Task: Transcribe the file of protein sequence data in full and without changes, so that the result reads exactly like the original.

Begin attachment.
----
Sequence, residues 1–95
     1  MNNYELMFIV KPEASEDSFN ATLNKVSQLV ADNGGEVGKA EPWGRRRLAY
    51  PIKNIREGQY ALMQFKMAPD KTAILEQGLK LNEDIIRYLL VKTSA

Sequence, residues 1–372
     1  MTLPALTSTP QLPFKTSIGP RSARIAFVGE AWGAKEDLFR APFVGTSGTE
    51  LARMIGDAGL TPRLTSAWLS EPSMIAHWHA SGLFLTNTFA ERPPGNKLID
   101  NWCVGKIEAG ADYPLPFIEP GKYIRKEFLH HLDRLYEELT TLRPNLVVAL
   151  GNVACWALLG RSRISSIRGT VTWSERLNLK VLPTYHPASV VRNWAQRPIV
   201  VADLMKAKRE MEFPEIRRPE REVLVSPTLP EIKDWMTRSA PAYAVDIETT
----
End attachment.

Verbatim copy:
Sequence, residues 1–95
     1  MNNYELMFIV KPEASEDSFN ATLNKVSQLV ADNGGEVGKA EPWGRRRLAY
    51  PIKNIREGQY ALMQFKMAPD KTAILEQGLK LNEDIIRYLL VKTSA

Sequence, residues 1–372
     1  MTLPALTSTP QLPFKTSIGP RSARIAFVGE AWGAKEDLFR APFVGTSGTE
    51  LARMIGDAGL TPRLTSAWLS EPSMIAHWHA SGLFLTNTFA ERPPGNKLID
   101  NWCVGKIEAG ADYPLPFIEP GKYIRKEFLH HLDRLYEELT TLRPNLVVAL
   151  GNVACWALLG RSRISSIRGT VTWSERLNLK VLPTYHPASV VRNWAQRPIV
   201  VADLMKAKRE MEFPEIRRPE REVLVSPTLP EIKDWMTRSA PAYAVDIETT